Madoff’s scheme could not succeed “unless UBS had agreed not only to look the other way, but also to pretend that they were truly ensuring the existence of assets and trades when in fact they were not and never did,” said David Sheehan, counsel for the trustee, in the Investment News story.

Madoff’s fraud, which is said to be the largest Ponzi scheme in U.S. history, was uncovered in December 2008. According to federal investigators, the scam may have begun as early as the 1980s. In total, investors lost some $65 billion.

On June 29, 2009, Madoff was sentenced to 150 years in federal prison.

Structured Notes: What You Don’t Know Can Deplete Your Investment

Structured notes are booming, with sales reaching $45 billion just this year. Despite their growth, structured notes can be a risky venture for investors, especially as more and more brokerages push out structured products with the promise of equity returns and less risk.

As reported Nov. 13 by the Wall Street Journal, some financial advisors are urging their clients to consider structured notes as a way to get back into stocks and avoid taking on too much risk.

Before jumping on the structured notes bandwagon, however, investors need to first consider a few issues. To begin, most of today’s structured notes are not 100% “principle protected” products. Instead, they typically offer only partial or limited protection, meaning they provide a fixed amount of contingent protection. Losses are covered only up until the point that the underlying asset drops below a certain level. Once that happens, the protection is canceled and investors bear the brunt of the losses.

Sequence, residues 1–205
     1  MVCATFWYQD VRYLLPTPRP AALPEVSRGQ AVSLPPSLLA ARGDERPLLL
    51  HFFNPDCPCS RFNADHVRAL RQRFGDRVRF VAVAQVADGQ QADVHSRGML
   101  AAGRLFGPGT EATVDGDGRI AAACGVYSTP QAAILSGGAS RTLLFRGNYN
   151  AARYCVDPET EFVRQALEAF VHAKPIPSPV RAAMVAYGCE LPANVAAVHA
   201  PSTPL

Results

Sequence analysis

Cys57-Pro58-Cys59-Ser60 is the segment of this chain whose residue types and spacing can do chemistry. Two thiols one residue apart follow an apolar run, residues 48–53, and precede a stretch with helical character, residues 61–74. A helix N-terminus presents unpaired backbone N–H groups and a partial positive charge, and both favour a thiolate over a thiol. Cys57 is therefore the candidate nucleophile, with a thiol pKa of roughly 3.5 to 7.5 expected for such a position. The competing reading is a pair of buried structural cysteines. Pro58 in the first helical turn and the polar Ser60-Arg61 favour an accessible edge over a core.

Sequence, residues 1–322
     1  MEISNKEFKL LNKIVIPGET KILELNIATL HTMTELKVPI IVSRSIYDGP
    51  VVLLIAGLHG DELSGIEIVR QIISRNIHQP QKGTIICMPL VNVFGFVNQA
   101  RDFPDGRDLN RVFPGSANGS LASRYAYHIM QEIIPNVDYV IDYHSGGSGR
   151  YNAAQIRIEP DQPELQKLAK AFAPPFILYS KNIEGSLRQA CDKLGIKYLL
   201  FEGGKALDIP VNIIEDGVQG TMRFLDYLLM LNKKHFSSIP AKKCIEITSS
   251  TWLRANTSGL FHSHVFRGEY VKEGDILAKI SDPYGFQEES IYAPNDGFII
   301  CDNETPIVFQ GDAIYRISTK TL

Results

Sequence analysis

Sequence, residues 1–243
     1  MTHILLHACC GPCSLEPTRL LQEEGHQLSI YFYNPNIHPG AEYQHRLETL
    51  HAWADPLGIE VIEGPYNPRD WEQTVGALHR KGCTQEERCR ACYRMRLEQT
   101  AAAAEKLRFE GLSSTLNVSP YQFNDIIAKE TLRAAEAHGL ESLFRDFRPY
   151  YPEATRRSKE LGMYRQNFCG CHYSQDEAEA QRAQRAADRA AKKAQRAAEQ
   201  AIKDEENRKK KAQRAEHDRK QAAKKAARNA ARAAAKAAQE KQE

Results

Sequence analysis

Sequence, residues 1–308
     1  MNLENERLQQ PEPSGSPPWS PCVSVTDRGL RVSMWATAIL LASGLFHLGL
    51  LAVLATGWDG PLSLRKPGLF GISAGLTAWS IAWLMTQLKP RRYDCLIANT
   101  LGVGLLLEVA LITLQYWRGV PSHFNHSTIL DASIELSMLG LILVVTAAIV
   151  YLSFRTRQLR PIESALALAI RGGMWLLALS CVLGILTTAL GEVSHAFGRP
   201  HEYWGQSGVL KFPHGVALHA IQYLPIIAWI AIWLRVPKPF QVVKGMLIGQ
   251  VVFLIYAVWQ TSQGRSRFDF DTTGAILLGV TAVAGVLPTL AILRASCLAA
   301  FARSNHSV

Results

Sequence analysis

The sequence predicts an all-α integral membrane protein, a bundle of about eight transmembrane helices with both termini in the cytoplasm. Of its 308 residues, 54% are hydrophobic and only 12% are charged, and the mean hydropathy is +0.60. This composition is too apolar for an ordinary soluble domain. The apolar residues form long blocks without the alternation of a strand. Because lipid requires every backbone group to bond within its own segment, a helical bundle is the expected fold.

Consider UBS AG’s Return Optimization Securities with Contingent Protection, which was priced in July. According to the Wall Street Journal article, investors receive 100% principal protection as long as the Standard & Poor’s 500-stock index hasn’t fallen more than 30% at the end of the product’s three-year term. If the index does fall more than 30%, investors pay the price by suffering all of the losses. If the markets fall by less than 30%, investors get back their principal at the end of product’s term. If the index rises, investors earn 1.5 times the upside, up to a cap of 58.6%, which they get if the index is up 39%. Fees, also called the “underwriting discount,” are 2.5%, says the WSJ.

The kind of protection might not work for all investors. As reported in the Wall Street Journal article, since 1926, a structured note that protected against a drop of 30% in the S&P 500 would have pierced the downside cap 7% of the time, leaving the investor exposed to the entire loss, while protecting them from a loss 17% of the time on a rolling 36-month basis.

Craig McCann of Securities Litigation & Consulting Group is skeptical of structured products. According to McCann, the vast majority of structured products turn out to be worth substantially less than their face value. Moreover, structured notes can be difficult to sell during a market rout. Investors also have to worry about counterparty risk.

Reverse Convertibles Cited In FINRA Fine